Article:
Substance abuse is on the rise among college-age students and adults across a variety of industries. Attempting to deal with the anxiety and stress of their daily life, it can become a crutch to deny any physical sensations, thoughts, or emotions that are otherwise hard to process.
The reality is though that using addictive substances like alcohol, drugs, etc. are extremely harmful and cause lasting debilitating effects on a person’s body and mind.
If you are a friend or family member of someone who’s experiencing an addiction, it may be difficult to address it at first and try to help them fix their problem.
However, it’s important to seek a professional instead who can give you the proper tools to succeed. Entering a rehabilitation program can arm you with methods to combat their addiction and begin their journey to take back their health.
Signs of an Addiction to Drugs
The first step to overcoming an addiction or substance abuse problem is recognizing that it exists and needs to be addressed. If you’re unsure if the person you know has a legitimate problem or not, watch for the following signs in their appearance and behavior.
A few key changes in a substance abuser, especially of drugs, is taking larger doses than before, searching for other people’s medications, and spending a lot of time obsessing over medications in general.
The person may also project more secluded behavior throughout the day, a more secretive or different personality, an unhealthier facial appearance, and eating or sleeping a lot more or less than previously known.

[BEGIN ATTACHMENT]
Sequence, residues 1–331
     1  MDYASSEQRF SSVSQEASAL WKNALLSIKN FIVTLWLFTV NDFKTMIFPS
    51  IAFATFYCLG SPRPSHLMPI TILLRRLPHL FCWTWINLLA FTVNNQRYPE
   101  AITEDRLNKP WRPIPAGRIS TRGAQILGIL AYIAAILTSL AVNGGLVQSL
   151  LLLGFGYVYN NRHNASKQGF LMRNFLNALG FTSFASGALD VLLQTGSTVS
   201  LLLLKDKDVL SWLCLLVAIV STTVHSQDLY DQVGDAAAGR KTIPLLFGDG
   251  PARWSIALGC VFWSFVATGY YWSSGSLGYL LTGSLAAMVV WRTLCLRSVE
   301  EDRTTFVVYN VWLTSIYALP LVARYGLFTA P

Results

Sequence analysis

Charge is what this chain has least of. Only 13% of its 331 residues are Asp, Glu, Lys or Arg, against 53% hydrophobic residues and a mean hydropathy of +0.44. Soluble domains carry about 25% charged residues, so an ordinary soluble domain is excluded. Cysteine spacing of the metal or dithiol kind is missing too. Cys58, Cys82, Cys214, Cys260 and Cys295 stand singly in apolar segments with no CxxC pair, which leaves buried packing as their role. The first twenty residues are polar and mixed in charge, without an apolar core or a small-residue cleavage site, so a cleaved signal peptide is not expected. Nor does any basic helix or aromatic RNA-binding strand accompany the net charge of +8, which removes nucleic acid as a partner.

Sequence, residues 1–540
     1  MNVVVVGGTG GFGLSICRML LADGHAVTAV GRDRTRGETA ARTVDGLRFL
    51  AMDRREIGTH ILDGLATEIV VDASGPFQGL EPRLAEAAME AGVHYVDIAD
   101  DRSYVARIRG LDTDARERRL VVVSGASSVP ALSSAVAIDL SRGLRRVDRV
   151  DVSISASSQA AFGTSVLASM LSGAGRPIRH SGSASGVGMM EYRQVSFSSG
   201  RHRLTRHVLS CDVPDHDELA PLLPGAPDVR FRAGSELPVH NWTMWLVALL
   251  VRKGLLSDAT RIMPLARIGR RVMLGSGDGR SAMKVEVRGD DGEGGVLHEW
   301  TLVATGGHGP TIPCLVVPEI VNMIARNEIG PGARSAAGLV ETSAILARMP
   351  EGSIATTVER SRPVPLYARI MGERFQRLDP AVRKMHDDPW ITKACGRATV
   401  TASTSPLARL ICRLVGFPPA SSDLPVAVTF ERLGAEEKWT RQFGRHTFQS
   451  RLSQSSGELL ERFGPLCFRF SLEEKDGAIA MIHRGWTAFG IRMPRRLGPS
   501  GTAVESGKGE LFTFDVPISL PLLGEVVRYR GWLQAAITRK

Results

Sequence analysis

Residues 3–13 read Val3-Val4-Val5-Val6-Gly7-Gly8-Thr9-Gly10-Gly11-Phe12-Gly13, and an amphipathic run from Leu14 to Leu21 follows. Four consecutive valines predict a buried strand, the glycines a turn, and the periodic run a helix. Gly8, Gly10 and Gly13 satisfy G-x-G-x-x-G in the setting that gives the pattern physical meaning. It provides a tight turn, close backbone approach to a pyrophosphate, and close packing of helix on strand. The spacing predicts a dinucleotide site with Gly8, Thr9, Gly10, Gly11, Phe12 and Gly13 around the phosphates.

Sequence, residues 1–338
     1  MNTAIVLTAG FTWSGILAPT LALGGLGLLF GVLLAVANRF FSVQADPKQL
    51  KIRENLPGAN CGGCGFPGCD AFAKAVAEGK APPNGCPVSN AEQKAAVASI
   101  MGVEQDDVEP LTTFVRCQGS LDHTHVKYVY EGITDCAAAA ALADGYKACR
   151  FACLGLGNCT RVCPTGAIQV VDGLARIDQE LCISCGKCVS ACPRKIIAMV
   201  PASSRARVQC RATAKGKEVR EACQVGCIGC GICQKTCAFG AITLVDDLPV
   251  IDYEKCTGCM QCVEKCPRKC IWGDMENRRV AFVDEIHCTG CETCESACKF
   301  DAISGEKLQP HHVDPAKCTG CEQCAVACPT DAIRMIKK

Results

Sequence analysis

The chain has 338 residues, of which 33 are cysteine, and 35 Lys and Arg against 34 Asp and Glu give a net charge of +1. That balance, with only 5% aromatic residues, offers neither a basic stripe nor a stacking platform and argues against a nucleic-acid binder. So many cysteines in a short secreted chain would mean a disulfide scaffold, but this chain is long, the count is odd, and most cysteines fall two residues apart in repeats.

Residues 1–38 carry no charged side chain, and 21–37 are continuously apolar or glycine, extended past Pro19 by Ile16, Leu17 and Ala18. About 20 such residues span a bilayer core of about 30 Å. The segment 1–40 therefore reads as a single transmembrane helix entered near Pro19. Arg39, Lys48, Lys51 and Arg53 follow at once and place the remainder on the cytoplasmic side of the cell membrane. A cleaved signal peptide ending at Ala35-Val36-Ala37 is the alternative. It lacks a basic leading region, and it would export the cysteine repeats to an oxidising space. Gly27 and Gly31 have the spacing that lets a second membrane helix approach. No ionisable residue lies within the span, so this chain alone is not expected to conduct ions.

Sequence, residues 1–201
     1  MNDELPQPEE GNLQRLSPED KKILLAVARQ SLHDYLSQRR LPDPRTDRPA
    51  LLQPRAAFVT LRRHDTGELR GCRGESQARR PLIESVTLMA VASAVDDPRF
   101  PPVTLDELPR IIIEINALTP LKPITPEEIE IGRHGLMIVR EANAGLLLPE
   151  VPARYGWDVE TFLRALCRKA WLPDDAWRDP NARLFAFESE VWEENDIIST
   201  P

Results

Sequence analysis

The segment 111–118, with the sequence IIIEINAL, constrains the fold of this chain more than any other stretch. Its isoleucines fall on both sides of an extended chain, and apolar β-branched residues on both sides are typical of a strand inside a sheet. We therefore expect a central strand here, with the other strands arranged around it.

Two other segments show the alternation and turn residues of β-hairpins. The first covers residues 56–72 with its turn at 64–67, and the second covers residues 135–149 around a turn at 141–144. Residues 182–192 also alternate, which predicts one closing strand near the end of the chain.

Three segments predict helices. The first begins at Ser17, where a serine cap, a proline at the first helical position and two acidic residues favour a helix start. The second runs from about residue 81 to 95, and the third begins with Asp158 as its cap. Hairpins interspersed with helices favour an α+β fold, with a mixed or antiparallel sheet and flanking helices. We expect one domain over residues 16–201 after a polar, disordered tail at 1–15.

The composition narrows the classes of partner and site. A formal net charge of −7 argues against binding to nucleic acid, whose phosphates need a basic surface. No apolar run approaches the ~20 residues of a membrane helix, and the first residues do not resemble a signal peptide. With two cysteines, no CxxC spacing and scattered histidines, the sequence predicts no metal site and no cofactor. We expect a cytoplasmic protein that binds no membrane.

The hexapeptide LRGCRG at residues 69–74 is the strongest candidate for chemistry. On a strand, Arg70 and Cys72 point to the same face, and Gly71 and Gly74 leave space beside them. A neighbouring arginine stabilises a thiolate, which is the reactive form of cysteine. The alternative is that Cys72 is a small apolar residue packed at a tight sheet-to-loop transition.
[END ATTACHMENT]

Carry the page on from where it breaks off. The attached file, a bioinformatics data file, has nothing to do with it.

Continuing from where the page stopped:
They may also hide any activity regarding their finances if they are spending much more on drugs or alcohol in the mean time. If you’re suspicious these signs many apply, set aside your fears and check out a professional drug rehabilitation program in your local area for help as soon as you can.
Family and Codependents
The hardest thing for a family member to experience is to watch someone they love to fall into the spiral of addiction and not know how to act as their support system.
However, they control a great factor of whether or not the addict can recover with their words, behaviors, and overall home environment. A lot of times people may try to force their advice on to the addict and end up feeling frustrated when it’s returned with a stubborn or rebellious attitude.
Anyone who is also codependent to the addict will feel these emotions in great volume, as they rely on one another to get through the day and may believe they are responsible for each other’s actions.
As a result, extremely close friends or family to the addict can often feel upset or guilty about their habits, will overanalyze their exchanges in search of the “right” thing to say, etc.
It’s critical to take a step back from that cycle and get educated about how to have an intervention that will be successful. This can be done with a professional who will make sure that both parties are on the same page to overcome the addiction and can create long-term goals and changes to establish in the household.
Why have an Intervention?
Unlike a friend or family member who knows the addict too well to provide effective help, a professional interventionist can observe the situation from a neutral standpoint and offer help based on their experience.
After working in the rehabilitation industry, they understand that addicts can be difficult to truly communicate to and ignite a change from. That’s why they encourage families and an addict to attend sessions together so that they can be united under one vision of working together to become healthier in lifestyle again.
If you’re struggling with a drug or alcohol addiction or have a friend or family member who is, seek a local interventionist in near you without hesitation. Feel free to take the free quiz from Family First Intervention. The program is managed by a former addict who found that binding someone with an abuse problem and their family is bulletproof to ensure their environment is changed to support their recovery.
Pursue an effective intervention today and help get the process of recovery started. The sooner you start, the sooner you’ll see results!